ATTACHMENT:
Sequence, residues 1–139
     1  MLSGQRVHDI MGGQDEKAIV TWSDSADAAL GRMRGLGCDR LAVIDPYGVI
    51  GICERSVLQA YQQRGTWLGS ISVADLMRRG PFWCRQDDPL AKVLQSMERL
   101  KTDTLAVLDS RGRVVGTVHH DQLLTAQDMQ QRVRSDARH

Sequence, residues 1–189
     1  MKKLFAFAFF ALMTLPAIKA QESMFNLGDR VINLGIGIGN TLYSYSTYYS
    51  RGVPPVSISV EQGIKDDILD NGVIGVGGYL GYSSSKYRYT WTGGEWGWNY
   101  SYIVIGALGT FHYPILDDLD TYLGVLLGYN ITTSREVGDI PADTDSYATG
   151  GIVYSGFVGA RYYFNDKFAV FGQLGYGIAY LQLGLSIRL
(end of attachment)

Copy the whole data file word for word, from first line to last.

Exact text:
Sequence, residues 1–139
     1  MLSGQRVHDI MGGQDEKAIV TWSDSADAAL GRMRGLGCDR LAVIDPYGVI
    51  GICERSVLQA YQQRGTWLGS ISVADLMRRG PFWCRQDDPL AKVLQSMERL
   101  KTDTLAVLDS RGRVVGTVHH DQLLTAQDMQ QRVRSDARH

Sequence, residues 1–189
     1  MKKLFAFAFF ALMTLPAIKA QESMFNLGDR VINLGIGIGN TLYSYSTYYS
    51  RGVPPVSISV EQGIKDDILD NGVIGVGGYL GYSSSKYRYT WTGGEWGWNY
   101  SYIVIGALGT FHYPILDDLD TYLGVLLGYN ITTSREVGDI PADTDSYATG
   151  GIVYSGFVGA RYYFNDKFAV FGQLGYGIAY LQLGLSIRL